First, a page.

Since then, I’ve travelled. I’ve cooked at Noma, currently ranked the No. 1 restaurant in the world by Restaurant Magazine and Per Se, the best restaurant in the United States, and staged (kitchen parlance for interning) in several kitchens throughout Barcelona. After making the long trip home, I was fortunate to cook in a few of the great Atlanta kitchens, too: Woodfire Grill, Restaurant Eugene and Empire State South. I’ve cooked food I couldn’t have imagined as a 16-year-old sitting in the original 5&10. But, the food isn’t what makes me proud of my accomplishments. The experiences, the community and the tight relationships that I have built over the better part of a decade have meant so much more than the day-to-day grind of living in kitchens.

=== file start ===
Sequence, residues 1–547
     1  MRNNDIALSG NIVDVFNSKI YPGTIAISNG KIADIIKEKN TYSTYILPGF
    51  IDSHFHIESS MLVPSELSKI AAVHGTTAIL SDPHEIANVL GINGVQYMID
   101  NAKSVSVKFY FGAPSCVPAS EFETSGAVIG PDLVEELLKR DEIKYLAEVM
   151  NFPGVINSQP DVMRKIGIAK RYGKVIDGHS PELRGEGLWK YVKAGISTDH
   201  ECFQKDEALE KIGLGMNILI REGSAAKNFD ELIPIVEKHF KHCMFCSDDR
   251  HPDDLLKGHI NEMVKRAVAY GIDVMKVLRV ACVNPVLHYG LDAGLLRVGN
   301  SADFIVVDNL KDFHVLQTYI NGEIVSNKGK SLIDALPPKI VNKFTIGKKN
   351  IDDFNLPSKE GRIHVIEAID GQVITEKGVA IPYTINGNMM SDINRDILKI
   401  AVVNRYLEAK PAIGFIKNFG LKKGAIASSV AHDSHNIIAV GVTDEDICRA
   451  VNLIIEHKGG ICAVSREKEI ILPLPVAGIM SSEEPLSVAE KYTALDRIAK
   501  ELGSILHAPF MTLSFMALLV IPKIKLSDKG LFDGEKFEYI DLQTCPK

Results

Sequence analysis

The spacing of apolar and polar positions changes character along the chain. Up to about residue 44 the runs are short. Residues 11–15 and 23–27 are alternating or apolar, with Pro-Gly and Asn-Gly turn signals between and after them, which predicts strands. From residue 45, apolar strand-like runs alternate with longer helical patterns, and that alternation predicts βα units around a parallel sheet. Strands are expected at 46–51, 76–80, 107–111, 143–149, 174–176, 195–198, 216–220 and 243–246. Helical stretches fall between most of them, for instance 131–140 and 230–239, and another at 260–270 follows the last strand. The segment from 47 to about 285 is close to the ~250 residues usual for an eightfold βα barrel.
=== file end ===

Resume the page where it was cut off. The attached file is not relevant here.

In Barcelona, on the balcony of Restaurant Drolma, I stood watching as the Tour de France pedaled by, sipping a glass of champagne, not really believing where I was. In the test kitchen at Noma, with the best chef in the world, I considered a new dish of potato, elderflower and miso — discussing the relative strengths and weaknesses of torching cedar and letting it smolder as the plate was walked through the dining room. In Atlanta, at Crack in the Sidewalk Farmlet, I huddled under a makeshift tent with Ryan Smith (chef of the forthcoming Staplehouse), trying to not let the torrential downpour ruin our butcher blocks of aged duck terrines, soft-boiled duck eggs, butter poached morels and foraged herbs before they could hit the table. The dish was lovely, but it’s the last thing I remember about that day. We didn’t go down in flames and at the end of it all we had a story; something more than the food to hold onto.